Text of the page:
Heli Prilliman, Founder, Lacquerbar
Being a founder is hard, being a Latina-woman-founder in a male-venture-dominated Bay Area can seem dismal—for Lacquerbar founder, Heli Prilliman, tenacity to change outdated spaces inspired her to quit her tech day-job to rewrite the nail industry in and out. We met up with Heli in Berkeley at the Lacquerbar—covered in neon signs, we explored the ins and outs of female entrepreneurial-ship and what Heli has next in mind.
So tell us about the name of Lacquerbar? How did you reach the name and does it hold significance?
As someone from brand and copywriting background, I totally nerded out in the naming of Lacquerbar. Because my vision for Lacquerbar is so much bigger than just being a cool space to get your nails done. It’s a manicure and mimosa after a long day of work. It’s a Beyonce-inspired girls night out. It’s an online community of nail techs dedicated to filling the education gap that today’s beauty schools leave their students, particularly lower income communities of color. It’s nail art with rainbows or sugar skulls to express yourself. Lacquerbar is an EXPERIENCE to empower women and femmes. And our name paints (pun totally intended) this fun glossy picture that vibes with our unique and aspirational vision.
The Lacquerbar is also home to women who want to be pampered and feel apart of their community—how has the mission of the brand changed, adapted, morphed since launch?
Inclusivity, and the language we use around it, is so important, especially considering the current cultural and political environment. I had prided myself in making diversity and inclusion a priority at Lacquerbar from the get go. However, after sharing my vision with the amazing #girlboss that is Natalia Oberti Noguera of Pipeline Angels, she gave me a come to Jesus about how our mission to empower women from all cultures and backgrounds with education, beauty, and confidence didn’t specifically mention those who identify as femme! And she was so right!!! We’ve always been a safe and welcoming space for those who identify as a women or femme, but now we’re more cognizant and intentional across all our communication channels about using inclusive terminology.
You went from high profile tech to nail school, how was that transition when concepting the business?
At first, it was super exciting to be learning a totally new skill set that was so far from the skills I used in the tech world. But once I attended a local beauty school and did a ton of research on the nail technician education industry, I found that the current beauty school system is severely broken and sets up nail techs for failure. Especially minorities from lower income communities. That’s when I felt the urgency to create something better for nail techs everywhere — not just with careers at Lacquerbars, but also an affordable online education platform for nail techs to get the skills they just don’t get from today’s highly antiquated and/or exploitative for-profit beauty schools.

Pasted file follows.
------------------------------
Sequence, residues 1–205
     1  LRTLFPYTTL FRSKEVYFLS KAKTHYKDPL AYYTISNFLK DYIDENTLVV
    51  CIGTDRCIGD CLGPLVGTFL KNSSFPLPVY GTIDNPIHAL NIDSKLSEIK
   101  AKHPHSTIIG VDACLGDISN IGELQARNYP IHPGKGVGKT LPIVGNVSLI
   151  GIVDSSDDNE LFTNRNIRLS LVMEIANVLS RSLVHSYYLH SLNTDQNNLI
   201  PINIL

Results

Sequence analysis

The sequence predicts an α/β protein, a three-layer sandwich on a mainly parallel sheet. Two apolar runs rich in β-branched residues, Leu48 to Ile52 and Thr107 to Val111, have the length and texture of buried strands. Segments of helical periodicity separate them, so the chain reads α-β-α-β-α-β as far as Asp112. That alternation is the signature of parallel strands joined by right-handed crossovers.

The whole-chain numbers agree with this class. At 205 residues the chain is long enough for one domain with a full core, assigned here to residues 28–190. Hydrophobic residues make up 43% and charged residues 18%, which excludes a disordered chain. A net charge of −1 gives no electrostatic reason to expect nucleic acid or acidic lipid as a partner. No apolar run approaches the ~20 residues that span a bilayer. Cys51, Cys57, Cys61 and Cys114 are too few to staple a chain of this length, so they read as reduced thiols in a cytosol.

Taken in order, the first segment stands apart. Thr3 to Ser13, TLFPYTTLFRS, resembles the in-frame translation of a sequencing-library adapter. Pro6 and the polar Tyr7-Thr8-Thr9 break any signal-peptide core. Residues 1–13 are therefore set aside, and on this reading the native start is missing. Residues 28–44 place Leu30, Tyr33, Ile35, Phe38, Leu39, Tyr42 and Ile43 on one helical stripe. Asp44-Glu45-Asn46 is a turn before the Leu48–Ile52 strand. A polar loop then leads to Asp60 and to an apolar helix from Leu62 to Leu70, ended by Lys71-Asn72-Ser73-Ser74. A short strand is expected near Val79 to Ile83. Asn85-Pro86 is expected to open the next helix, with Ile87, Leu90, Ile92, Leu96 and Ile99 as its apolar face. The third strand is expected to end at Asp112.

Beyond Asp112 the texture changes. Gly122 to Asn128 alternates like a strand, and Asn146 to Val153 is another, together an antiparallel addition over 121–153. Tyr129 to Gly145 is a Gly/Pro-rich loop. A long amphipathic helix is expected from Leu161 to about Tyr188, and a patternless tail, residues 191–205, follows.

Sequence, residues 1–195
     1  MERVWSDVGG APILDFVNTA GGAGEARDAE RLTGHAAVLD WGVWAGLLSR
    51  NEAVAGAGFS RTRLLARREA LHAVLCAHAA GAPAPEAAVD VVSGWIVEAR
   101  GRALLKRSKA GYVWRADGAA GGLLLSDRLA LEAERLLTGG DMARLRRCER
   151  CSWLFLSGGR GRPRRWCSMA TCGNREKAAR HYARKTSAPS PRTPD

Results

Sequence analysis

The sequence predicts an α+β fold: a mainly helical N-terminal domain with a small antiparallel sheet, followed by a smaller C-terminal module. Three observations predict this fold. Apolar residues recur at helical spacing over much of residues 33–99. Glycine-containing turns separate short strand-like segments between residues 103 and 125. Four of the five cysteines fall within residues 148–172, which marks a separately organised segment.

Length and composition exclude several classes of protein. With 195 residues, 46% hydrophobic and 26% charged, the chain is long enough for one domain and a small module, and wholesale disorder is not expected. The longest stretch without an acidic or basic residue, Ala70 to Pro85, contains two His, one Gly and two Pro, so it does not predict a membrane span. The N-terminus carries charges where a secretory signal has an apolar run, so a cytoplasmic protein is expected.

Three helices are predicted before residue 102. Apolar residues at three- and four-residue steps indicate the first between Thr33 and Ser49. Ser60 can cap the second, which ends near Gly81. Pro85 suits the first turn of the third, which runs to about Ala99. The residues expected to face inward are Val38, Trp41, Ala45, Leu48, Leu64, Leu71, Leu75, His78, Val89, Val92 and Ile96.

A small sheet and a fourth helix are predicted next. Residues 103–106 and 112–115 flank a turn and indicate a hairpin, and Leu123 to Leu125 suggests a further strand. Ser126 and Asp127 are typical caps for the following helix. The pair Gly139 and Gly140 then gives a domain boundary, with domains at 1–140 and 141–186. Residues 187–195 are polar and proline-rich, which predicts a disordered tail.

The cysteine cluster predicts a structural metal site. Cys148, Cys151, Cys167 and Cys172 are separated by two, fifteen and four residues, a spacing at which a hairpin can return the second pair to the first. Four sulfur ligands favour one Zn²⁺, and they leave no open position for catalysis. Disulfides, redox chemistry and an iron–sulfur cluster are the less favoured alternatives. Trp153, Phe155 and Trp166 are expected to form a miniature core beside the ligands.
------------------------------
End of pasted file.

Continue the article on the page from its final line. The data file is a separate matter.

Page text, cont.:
How has being a Latina-born woman shaped your vision of being an entrepreneur? It’s a hard field to navigate but what are some things you do to boost your own morale when business seems dark?
Today, female founded startups receive only 2% of venture funding. It’s even worse for women of color; Latina founders get less than 0.1%!!! Previously, I avoided talking about my journey as the daughter of an illegal immigrant, and all the different obstacles my family and I overcame to succeed as Mexican Americans from a lower income rural farm community. But those experiences made me a better founder — I can do so much more with far less resources because that’s what I’ve always had to do. Am I saying investors should fund Lacquerbar just because I’m a Latina founder? Of course not. But there is an extreme lack of Latina representation in the startup and VC community and we deserve a seat at the table.
What would you say to day 1 you if you could pass on any advice? Explain why you chose that.
Networking can be done in a way that isn’t soul crushing. I used to avoid networking events/conferences like poo in SoMa! The idea of a lot of egocentric people meeting other egocentric people, for the purpose of getting something from them, just sounded gross. Especially considering most of these startup related events have an abundance of privileged white dudes who I have nothing in common with. BUT, I’ve found by just attending these types of events you gain new insights and can meet other founders in your space who can probably relate to a lot of what you’re going through. And you can help each other out and trade warm intros!
// 2040 Fourth St, Berkeley, lacquerbar.com